The Weekly Ringer

The University of Mary Washington Student Newspaper

Costume shop suits up for ‘Seascape’

3 min read
Edward Albee’s “Seascape,” running at Klein Theatre through Feb. 19, presented the UMW Department of Theatre and Dance’s Costume Shop with unique issues and opportunities.

Warning: Attempt to read property "post_excerpt" on null in /home/bgonline/public_html/wp-content/themes/newsphere-pro/inc/hooks/hook-single-header.php on line 65

Edward Albee’s “Seascape,” running at Klein Theatre through Feb. 19, presented the UMW Department of Theatre and Dance’s Costume Shop with unique issues and opportunities.

Two of the play’s four principle characters were sea monsters (though costume designer Kevin McCluskey noted that those involved with the show “lovingly call them lizards”) and, as such, required specially designed costumes tailored to the individual actors in the roles.

“[We] can’t go to the store and buy lizard costumes,” said McCluskey, who is also an associate professor in the theatre department. “[They were a] total collaboration of the artists that came together [to make them].”

Marilyn Wojdak, who runs the costume shop, and associate professor of theatre Julie Hodge worked with McCluskey for three to four weeks designing the lizard suits, creating the fabric for them and assembling them with input from actors and director Helen Housley.

“Each of the lizards took approximately 1,000 hours to make […] From start to finish, from testing to final painting, that is our estimate,” said Hodge.

According to Wojdak, who created the patterns for the suits from scratch, there were a total of nine students working in the shop for three to four weeks once the designs were approved.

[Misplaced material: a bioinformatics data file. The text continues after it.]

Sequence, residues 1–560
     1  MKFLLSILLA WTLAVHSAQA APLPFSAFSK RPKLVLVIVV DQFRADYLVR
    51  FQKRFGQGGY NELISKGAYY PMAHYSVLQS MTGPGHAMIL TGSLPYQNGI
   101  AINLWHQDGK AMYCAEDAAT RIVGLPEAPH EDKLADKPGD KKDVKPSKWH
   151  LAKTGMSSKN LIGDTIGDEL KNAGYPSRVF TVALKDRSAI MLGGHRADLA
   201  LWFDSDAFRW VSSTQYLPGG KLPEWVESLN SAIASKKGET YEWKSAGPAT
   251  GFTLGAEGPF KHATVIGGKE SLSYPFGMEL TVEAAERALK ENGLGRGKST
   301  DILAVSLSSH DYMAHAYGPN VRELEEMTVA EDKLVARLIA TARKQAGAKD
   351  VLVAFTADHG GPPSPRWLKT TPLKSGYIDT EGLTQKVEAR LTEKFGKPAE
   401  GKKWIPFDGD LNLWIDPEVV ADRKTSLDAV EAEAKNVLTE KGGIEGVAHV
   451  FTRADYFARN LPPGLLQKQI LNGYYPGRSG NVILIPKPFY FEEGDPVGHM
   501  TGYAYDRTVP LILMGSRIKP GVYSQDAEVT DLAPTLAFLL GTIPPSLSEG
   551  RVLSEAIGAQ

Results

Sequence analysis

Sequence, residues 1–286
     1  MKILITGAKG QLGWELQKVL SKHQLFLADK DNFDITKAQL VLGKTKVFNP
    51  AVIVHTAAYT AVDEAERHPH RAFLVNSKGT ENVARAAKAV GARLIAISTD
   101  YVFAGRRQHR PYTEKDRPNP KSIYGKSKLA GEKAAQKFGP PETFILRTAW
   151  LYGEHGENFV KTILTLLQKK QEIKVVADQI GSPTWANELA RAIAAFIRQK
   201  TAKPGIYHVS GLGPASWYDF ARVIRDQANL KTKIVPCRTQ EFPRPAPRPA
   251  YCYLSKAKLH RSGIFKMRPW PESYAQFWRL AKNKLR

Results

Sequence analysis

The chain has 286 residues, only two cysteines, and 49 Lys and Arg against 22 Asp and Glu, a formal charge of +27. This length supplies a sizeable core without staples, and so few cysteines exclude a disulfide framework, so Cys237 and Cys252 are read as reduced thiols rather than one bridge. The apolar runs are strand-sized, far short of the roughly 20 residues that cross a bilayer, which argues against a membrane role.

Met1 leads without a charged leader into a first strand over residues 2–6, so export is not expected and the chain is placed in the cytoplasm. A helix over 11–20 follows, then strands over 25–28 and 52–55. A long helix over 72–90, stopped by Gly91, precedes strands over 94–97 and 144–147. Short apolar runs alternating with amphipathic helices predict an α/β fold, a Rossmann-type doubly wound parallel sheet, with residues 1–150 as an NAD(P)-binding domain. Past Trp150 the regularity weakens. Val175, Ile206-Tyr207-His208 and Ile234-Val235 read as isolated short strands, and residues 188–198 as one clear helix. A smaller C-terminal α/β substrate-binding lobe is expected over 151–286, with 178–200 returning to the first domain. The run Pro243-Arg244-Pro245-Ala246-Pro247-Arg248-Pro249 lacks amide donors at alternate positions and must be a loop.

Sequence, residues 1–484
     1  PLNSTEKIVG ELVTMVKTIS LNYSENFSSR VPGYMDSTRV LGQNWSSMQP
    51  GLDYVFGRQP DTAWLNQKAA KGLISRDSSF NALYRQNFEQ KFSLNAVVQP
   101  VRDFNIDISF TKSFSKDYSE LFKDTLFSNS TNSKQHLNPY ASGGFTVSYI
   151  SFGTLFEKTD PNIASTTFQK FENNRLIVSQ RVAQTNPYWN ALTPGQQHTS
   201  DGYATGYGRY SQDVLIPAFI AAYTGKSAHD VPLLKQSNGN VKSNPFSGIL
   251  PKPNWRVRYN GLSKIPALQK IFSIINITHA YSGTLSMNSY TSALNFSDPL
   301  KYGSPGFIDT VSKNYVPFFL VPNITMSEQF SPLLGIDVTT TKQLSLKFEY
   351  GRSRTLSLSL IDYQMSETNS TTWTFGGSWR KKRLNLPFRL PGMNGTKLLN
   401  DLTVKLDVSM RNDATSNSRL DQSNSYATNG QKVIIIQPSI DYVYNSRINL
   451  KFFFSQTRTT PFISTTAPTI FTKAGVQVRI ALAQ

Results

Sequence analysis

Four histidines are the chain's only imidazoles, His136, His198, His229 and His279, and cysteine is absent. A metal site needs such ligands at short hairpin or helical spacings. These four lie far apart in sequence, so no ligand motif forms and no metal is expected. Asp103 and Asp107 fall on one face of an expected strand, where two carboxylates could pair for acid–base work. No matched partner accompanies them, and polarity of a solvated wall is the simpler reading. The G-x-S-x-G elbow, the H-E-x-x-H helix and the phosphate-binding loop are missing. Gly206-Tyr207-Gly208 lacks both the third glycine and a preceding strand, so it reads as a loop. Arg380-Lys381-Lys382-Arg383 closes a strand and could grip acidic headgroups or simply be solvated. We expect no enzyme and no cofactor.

“[This show exemplified the] best of what we do in this business, which is collaborate,” said McCluskey, who developed the initial concept for the lizard suits.

According to McCluskey, one of the reasons the department chose to produce “Seascape,” was to show students all of the different elements that go into designing a show.

Hodge focused on manipulating the fabric of each suit to resemble reptile scales. In order to do this, she used caulk, five to six different colors of paint and metallic foil applied on top of the paint so the suits would have the same light reflective qualities of an actual lizard.

“The real beauty of [the costumes] is how they’re detailed and decorated,” said McCluskey.

After finalizing the fabric with Housley and testing it under stage lights, Hodge worked with employees in the costume shop, who did the bulk of the work on the suits, as Hodge was also the show’s lighting designer.

Many of the people working in the costume shop are students with an interest in pursuing careers in the theatre, so a show like “Seascape” that required intricate design elements was a chance to give students a taste of what could be in store in the future, according to McCluskey.

“[We] teach [theatre] students how to move forward in that world,” said McCluskey. “[You] can’t teach students how to make costumes if you don’t make costumes.”

Although the show is in the middle of its two-week run, and the costumes are technically complete, Wojdak and the students in the costume shop are still hard at work. Following each performance, they must check the costumes to repair any damages and touch up the paint on the suits.

“Our job is to make sure the last audience sees them just as beautifully as the first one did,” said McCluskey. “Very few people understand the time that went into those.”

Although costumes for the more modern productions are adapted from clothes the design team finds in thrift stores, most of the pieces in period shows set before 1950 are created from scratch in-house, according to McCluskey.

He estimated that students made 95% of the costumes for last year’s production of “Romeo and Juliet” from scratch in the shop.

“We do really beautiful productions that sometimes belie the reality of what we have to work with,” said McCluskey. “[It’s] unique for a department the size of ours.”